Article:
• A reasonably good sized trunk
  • Automatic sliding windows
  • Phone charging jacks
  • MP3 connections

Luxury features include under-seat built-in storage, leather upholstery, separately controlled air and back-seat heating, and TV screens in the backseats. You might also need to check whether you need to hitch a trailer to the car and consider how you will use the car. There’s no point buying a large SUV if you’re the only one who uses it for short drives to and from work.

Remember, the more expensive your car, the more expensive the insurance… 

CNBC rated the following cars as the best affordable models for first time buyers:

  1. Subaru Forester
  2. Honda Accord
  3. Honda CR-V
  4. Subaru Legacy
  5. Toyota RAV4
  6. Kia Optima

When you research your top choices, look at the following aspects:

  • Consumer ratings on the model
  • Expected mileage from the specific make and model 
  • The five-year cost to own your chosen vehicle
  • Information about the vehicle’s likely lifespan
  • Does it run on gasoline, diesel, electric or hybrid?
buying your first car

Where should I buy my first car?

Technically, there are many places to buy a car:

  • New car dealerships
  • Used car dealerships
  • Autotrader
  • Cars for sale by private owner  – eBay, Craigslist
  • Police auctions
  • Insurance auto auctions

Sometimes, it pays to buy a car from out of state. You can always use car buyer’s auto transport to have the car brought to you.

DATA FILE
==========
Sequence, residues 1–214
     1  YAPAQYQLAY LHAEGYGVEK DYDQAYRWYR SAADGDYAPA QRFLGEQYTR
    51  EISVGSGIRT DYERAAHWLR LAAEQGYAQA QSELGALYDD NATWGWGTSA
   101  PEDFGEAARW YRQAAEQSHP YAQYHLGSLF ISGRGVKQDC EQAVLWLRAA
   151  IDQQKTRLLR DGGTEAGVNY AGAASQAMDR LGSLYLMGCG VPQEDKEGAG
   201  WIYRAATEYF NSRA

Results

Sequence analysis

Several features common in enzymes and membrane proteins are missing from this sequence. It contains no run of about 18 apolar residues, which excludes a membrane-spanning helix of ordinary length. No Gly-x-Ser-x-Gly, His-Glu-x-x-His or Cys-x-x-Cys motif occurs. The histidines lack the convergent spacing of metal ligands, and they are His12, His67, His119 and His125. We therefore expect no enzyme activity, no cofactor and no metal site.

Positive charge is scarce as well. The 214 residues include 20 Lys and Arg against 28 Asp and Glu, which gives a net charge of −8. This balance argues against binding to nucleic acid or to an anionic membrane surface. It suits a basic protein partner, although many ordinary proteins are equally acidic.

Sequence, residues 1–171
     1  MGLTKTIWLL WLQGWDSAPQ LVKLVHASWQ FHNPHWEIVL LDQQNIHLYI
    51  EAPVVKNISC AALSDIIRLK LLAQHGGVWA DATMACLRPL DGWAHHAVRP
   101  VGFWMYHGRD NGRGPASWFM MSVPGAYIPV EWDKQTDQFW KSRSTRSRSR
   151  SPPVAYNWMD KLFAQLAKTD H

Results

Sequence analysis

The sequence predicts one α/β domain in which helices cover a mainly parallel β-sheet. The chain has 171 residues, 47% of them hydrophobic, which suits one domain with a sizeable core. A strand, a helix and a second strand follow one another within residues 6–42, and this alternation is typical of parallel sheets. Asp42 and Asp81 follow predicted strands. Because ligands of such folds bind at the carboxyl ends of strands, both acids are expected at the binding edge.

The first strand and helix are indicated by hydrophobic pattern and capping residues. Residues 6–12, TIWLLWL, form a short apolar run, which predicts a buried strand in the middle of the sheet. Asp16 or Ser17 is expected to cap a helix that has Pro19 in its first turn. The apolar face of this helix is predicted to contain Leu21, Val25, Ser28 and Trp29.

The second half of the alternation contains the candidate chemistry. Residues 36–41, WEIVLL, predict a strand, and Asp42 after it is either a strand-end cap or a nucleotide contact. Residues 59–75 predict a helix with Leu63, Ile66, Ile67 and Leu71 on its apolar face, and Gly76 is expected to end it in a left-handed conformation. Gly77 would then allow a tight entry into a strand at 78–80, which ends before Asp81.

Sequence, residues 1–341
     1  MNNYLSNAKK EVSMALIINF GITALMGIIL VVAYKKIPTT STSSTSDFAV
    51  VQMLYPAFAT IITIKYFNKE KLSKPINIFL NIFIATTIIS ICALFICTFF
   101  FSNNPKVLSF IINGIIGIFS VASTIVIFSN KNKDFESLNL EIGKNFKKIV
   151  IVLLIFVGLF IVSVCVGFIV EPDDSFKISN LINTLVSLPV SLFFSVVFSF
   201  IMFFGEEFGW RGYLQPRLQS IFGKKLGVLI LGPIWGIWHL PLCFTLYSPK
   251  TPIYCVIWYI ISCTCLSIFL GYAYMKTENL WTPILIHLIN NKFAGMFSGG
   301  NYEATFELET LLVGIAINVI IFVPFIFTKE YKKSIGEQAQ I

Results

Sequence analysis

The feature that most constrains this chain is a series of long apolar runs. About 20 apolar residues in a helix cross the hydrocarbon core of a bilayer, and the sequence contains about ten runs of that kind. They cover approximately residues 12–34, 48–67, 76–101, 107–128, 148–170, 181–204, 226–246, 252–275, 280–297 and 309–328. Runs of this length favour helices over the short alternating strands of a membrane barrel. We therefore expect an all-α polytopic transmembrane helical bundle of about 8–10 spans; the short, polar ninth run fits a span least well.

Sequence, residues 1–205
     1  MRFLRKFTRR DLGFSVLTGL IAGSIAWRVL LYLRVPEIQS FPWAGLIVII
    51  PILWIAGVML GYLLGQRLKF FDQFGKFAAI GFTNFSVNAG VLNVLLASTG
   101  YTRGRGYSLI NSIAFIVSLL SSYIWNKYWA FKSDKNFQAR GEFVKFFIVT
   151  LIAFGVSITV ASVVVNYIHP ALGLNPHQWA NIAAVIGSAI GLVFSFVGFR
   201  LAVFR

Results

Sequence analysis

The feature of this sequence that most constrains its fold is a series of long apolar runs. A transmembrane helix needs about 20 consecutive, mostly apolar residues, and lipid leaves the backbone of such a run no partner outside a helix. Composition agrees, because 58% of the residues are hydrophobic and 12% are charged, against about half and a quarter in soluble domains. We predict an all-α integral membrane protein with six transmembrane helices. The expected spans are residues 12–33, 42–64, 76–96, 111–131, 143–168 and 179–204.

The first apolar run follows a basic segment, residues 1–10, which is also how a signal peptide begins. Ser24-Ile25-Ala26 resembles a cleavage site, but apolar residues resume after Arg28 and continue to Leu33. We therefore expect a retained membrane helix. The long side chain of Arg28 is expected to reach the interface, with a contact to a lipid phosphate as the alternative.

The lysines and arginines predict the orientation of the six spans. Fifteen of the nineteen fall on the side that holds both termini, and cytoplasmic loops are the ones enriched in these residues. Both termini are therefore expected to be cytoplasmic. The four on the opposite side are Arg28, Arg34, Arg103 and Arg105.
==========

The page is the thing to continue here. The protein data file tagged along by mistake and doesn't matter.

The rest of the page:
Earlier, we touched on buying your first car from a reputable dealer. Of course, not all dealers are trustworthy, but we obviously can’t tell you whether you can rely on your local dealer. It would be better to look at their online reviews. One bright light is that dealers have a reputation to protect, and affiliations with financial institutions, local chambers of commerce, and the Better Business Bureau to protect. The most important point is to find a dealership that has been in business for several years.

Likewise, not all individuals selling their cars on the side of the road, on Facebook Marketplace, eBay or Craigslist are trustworthy. All you can do is due diligence. Ask lots of questions and drive a hard bargain. 

Here are some questions to ask if you’re buying a used car – from a dealer or private seller alike:

  • Why are you selling the car?
  • Was the car used for business or private?
  • Where did you park the car during the day? And at night?
  • Do you have kids?
  • What was your typical daily commute like?
  • How many long road trips have you done?
  • When last did you replace the tires?
  • Did the car undergo any major repairs? What kind of repairs, and when?
  • Has the car been in any serious accidents?  (fender benders don’t count!)

When you go for a test drive, be sure to bring along someone who knows what to look for. You don’t want to buy a lemon! And be sure to run checks on sites like CarFax and TrueCar.

The purpose of your test drive is to assess the car. So while you’re driving it, speak to the seller and ask questions and observe the following:

  • Do you hear any unusual sounds? 
  • Look underneath the spot where the car was parked for any fluid leaks. 
  • Divide the mileage by the amount of years the car has been on the road to determine if it has a reasonable annual mileage – to too high, but also not too low.
  • Note any discolorations or changes in the paintwork. 
  • Look at the interior and exterior to see whether the car was well cared-for.

Buying your first car is a big decision and it warrants putting a lot of thought into it. Never rush into a big, long-term commitment, and take all the advice you can get.